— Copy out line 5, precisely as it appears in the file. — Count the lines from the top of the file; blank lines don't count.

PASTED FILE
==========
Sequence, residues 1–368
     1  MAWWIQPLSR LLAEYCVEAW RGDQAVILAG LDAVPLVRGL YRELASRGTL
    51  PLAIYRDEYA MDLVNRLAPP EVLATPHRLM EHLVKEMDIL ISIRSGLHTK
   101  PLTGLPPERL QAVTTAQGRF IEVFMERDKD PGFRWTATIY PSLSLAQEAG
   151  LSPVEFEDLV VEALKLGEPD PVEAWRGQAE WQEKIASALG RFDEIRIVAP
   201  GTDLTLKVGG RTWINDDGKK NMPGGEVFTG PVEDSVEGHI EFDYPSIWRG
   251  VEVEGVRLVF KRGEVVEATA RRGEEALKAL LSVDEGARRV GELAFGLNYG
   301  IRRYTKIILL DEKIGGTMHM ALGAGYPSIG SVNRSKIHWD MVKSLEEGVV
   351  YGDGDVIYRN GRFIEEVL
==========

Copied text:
   151  LSPVEFEDLV VEALKLGEPD PVEAWRGQAE WQEKIASALG RFDEIRIVAP